A successful jasmine revolution, but what next for Tunisia?

The toppling of Ben Ali will inspire oppressed people everywhere – but takes Tunisia into new territ

On Friday, the western media finally woke up to the "Jasmine Revolution" unfolding in Tunisia. After weeks of light coverage of events there, I was surprised to hear an in-depth report on Tunisia on BBC Radio 4 early on Friday morning. The New York Times despatched a reporter to the capital on Thursday, and the Guardian has been carrying stories on its home page daily. By the end of the week, people in the UK and US understood the gravity of events in Tunisia that Middle East watchers had been following for the past three weeks.

Despite President Ben Ali's best efforts to dissipate the energy in the protest movement, which began with the suicide of a young man frustrated at the Tunisian state for having confiscated the vegetable stall where he earned his livelihood, Tunisians gradually became more agitated, and the protest moved from distant towns and cities to the capital itself at the start of the week. Promises of huge investments in job-creation programmes and urgent democratic reforms were rejected by the nationwide movement, which brought together young and old, people in urban centres, small towns, working people and the middle classes. Despite the threat of lethal force, thousands of Tunisians took to the streets as the movement's potential became clear.

The focus of the uprising moved swiftly beyond jobs and the price of food to the corrupt and repressive regime that has been running the country since 1987. The Ben Ali dictatorship is seen as one of the most repressive anywhere in the world, having ruthlessly silenced opposition politics and the press since the early days of his presidency. Internet access has been widely available for years, but many foreign websites – for example, YouTube – are banned, permanently. The trade-off for Tunisians was the promise of a job and a good education, but widespread corruption, emanating from Ben Ali's own family, had reached so far and wide that ordinary people could feel its effects and the economic trade-off started to slip.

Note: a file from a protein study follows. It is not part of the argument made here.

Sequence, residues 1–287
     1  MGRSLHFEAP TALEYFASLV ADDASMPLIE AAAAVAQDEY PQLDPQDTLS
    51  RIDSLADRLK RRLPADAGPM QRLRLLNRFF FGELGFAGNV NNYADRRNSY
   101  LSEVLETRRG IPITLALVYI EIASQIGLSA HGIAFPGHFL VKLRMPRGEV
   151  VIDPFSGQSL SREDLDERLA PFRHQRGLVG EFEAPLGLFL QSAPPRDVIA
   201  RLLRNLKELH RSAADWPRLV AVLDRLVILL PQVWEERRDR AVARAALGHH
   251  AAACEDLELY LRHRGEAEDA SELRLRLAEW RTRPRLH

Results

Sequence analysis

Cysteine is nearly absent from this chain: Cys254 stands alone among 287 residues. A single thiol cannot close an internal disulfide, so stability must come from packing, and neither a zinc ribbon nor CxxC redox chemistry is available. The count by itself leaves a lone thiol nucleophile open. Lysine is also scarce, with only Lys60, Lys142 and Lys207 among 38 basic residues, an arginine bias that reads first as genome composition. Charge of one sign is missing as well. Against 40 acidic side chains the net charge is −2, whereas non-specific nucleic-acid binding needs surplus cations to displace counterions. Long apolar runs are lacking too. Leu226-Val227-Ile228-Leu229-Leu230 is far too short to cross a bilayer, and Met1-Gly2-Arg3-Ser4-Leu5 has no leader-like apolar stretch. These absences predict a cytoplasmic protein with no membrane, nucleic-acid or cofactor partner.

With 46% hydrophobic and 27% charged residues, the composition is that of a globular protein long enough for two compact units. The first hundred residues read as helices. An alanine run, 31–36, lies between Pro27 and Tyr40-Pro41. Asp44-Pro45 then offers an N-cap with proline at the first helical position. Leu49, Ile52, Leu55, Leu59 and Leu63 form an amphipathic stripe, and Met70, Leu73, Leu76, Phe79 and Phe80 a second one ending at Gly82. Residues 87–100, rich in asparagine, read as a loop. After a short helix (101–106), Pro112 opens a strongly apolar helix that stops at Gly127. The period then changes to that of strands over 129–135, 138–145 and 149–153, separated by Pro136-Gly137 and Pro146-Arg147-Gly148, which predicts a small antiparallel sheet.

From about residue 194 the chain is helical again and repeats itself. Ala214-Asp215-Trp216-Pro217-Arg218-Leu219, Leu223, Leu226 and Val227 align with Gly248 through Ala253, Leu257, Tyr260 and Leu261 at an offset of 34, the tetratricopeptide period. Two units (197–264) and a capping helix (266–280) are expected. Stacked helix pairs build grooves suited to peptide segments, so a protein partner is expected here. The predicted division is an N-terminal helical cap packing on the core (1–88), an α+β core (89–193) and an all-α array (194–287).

It became clear when the protest reached Tunis that the ultimate aim of the movement was a revolution, not just economic reform. Tunisians chanted anti-Ben Ali slogans and made their aims clear on the streets of the capital. I've watched Tunisia for years and I was astounded and impressed at the audacity of this uprising, considering the strength of the formal (police, secret service) and informal (neighbours, taxi drivers, etc) networks that worked to repress alternative political views and ensure the continuity of the regime. Tunisia, and particularly Tunis, can be intimidating at times, if you know how to spot the secret police agents posted on every corner of the capital, and it must have taken real courage for Tunisians to show their discontent in this way.

The regime was startled by the speed and voracity of events, and scrambled to hold on to power. Ben Ali announced on Thursday night that he would not run for election again in 2014, and after a general strike on Friday morning reduced his plea to just six more months as leader, promising a summer election for his replacement. It was clear, however, that after the 23-year period of his rule, mixing fear with shrewd economic management, impressive progress on women's rights and a moderate brand of Islam, the president would barely survive the weekend, let alone six months. The question became not if Ben Ali would fall, but what would happen after he fell: would there be a leadership vacuum and what would fill it?

Some western observers feared an extreme Islamist element would take advantage of any vacuum, but a close look at Tunisian society should calm such fears – Tunisia is no Algeria. Ben Ali's actions over decades to squash all opposition and free media comment resulted in the near-disappearance of a political class outside the regime itself, so there are no obvious national politicians ready to take over. The Tunisian constitution states that, in the event of a president losing power unexpectedly, the leader of parliament takes over, for a 45-day period, leading to new elections. The current leader of the Tunisian parliament is too old and frail to run the country; instead Prime Minister Ghannouchi, a senior member of the regime, led a palace coup and is now de facto president, his views on the next steps unclear. Ben Ali has sought refuge in Saudi Arabia, apparently having been refused entry to France.

Tunisia is reliant on tourism and foreign investment for prosperity. French, German, British and Russian tourists are being evacuated this weekend by the thousand, and western companies with a significant presence in the Maghreb economic powerhouse will be watching events carefully. If chaos ensues, the economic and social progress will rapidly become undone; Tunisia will lose its prized position as a beacon of economic success in Africa and the Arab world. It is vital that a period of calm now comes about – though early signs point to sporadic looting and violence. The interim government today announced elections in 60 days – Ghannouchi must make his intentions clear to give Tunisians confidence that they haven't swapped one dictator for another.